“Your fear, your own lives, have become your entertainment.”—Talk Radio
“More timely today than it was twenty years ago . . . Radio crackles with intensity.”—Joe Dziemianowicz, New York Daily News
“The most lacerating portrait of a human meltdown this side of a Francis Bacon painting. . . . This revival, like the original production, allows its star to grab an audience by the lapels and shake it into submission.”—Ben Brantley, The New York Times
Eric Bogosian’s Talk Radio—his breakthrough 1987 Public Theater hit that was made into a film by Oliver Stone—has been revived in a “mesmerizing” (Newsday) production on Broadway, with Liev Schreiber playing the role of the late-night shock jock that Bogosian himself originated. The drama is set in the studio of Cleveland’s WTLK Radio over the course of Barry Champlain’s two-hour broadcast, being scrutinized that night by producers with an interest in taking the show national, and fueled as always by coffee, cocaine, and Jack Daniel’s. Barry’s jousts with his unseen callers—ranging from a white supremacist to a woman obsessed with her garbage disposal—are peppered with insights into his character from his ex-deejay pal and his sometime girlfriend/producer, and punctuated with a transformative visit from an embodied voice.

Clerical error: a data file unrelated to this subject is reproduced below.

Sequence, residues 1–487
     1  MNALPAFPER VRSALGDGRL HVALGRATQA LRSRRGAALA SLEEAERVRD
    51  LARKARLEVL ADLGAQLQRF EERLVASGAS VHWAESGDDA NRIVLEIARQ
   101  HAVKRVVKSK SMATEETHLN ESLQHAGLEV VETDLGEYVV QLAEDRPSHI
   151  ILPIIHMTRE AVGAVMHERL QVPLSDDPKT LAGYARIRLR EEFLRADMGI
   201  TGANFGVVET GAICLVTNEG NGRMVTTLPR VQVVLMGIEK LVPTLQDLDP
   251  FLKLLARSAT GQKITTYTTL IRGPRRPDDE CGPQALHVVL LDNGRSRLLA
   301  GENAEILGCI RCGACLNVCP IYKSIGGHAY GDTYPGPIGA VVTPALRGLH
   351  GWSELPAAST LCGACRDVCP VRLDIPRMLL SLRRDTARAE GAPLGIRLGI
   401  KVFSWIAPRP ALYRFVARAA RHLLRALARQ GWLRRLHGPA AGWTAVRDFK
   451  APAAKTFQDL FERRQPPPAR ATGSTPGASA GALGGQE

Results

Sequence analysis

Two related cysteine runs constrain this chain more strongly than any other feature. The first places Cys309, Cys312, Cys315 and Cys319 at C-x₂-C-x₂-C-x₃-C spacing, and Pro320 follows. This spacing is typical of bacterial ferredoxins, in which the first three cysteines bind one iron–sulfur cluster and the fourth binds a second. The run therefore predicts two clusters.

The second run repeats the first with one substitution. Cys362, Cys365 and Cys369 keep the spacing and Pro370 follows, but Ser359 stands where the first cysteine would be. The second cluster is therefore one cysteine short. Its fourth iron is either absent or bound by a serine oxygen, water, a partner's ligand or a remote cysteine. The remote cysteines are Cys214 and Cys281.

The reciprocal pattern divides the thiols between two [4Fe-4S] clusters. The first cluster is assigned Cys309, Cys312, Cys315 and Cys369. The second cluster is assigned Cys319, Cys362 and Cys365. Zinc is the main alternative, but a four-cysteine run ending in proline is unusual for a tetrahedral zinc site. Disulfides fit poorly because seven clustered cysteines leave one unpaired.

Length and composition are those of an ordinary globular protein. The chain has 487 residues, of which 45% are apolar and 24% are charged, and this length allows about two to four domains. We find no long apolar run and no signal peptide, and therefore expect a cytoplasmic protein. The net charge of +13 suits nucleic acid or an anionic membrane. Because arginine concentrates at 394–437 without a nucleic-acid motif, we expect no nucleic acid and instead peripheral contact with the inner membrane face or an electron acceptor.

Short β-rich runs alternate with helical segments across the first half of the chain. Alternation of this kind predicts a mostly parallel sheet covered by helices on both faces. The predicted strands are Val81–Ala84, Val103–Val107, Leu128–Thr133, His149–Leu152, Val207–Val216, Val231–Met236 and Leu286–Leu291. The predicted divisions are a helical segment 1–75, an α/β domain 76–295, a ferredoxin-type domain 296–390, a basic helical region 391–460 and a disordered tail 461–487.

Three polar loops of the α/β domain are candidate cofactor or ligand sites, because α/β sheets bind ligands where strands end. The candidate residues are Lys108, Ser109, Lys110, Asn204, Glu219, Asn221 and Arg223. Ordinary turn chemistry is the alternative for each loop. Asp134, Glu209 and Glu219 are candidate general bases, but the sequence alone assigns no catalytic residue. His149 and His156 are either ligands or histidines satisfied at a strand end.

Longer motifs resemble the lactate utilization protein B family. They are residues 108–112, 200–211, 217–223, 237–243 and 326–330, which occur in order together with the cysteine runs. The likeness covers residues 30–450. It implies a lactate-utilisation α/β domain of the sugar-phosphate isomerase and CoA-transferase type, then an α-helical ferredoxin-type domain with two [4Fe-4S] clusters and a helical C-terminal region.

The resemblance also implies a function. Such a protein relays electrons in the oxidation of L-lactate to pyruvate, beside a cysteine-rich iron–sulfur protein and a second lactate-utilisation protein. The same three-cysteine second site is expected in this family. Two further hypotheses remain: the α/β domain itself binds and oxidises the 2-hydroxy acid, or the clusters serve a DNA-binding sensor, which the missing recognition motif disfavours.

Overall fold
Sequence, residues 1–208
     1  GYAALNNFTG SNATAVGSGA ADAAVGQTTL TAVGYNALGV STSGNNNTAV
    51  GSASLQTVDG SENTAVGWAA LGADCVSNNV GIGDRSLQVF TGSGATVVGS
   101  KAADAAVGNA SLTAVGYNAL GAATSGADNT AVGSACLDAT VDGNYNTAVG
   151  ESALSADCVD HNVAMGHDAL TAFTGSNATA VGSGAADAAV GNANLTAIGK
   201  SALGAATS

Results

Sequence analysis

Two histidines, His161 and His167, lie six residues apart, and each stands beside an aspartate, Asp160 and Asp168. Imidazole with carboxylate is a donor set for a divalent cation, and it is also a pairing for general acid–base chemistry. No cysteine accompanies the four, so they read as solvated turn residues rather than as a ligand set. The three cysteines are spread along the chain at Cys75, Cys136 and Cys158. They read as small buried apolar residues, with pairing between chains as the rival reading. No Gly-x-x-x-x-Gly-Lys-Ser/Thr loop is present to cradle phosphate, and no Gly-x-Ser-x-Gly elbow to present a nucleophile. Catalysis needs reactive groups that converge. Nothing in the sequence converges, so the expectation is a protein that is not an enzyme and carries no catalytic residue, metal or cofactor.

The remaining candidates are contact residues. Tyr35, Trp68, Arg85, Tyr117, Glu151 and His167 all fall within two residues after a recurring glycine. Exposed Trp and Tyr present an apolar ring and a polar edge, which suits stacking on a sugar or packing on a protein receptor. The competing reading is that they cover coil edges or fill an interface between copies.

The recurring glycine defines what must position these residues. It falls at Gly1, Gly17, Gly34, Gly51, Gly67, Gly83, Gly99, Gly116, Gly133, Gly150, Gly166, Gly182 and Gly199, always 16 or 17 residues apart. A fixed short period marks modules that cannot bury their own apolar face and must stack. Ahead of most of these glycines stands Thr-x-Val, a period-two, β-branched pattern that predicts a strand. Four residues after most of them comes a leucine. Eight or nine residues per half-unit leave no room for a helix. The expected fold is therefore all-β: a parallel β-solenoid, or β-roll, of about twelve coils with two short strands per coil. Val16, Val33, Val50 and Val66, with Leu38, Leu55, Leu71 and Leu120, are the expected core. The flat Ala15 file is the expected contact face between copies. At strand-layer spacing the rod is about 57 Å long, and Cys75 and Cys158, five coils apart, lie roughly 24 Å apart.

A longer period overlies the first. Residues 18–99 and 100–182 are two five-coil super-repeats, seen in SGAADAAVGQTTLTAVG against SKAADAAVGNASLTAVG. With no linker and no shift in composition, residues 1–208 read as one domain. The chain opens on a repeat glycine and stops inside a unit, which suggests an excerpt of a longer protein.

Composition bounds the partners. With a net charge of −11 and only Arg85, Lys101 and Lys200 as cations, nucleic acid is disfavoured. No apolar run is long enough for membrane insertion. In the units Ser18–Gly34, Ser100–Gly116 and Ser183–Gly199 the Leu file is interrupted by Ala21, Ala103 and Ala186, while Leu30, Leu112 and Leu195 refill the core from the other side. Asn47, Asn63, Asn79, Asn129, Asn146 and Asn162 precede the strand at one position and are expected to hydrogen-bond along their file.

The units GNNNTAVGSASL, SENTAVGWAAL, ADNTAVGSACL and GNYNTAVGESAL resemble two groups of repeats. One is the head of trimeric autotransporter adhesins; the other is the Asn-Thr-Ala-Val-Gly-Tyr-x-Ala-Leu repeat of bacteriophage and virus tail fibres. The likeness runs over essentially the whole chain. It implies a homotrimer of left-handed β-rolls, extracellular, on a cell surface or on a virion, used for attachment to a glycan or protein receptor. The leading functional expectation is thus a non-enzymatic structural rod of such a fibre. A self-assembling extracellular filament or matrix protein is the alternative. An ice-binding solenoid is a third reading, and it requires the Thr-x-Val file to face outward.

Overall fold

Eric Bogosian is a writer and actor who over the last twenty years has authored five full-length plays and created six full-length solos for himself, including subUrbia; Sex, Drugs, Rock & Roll; Pounding Nails in the Floor with My Forehead;and Drinking in America. He is the recipient of three OBIE Awards and a Drama Desk Award, and has toured throughout the United States and Europe.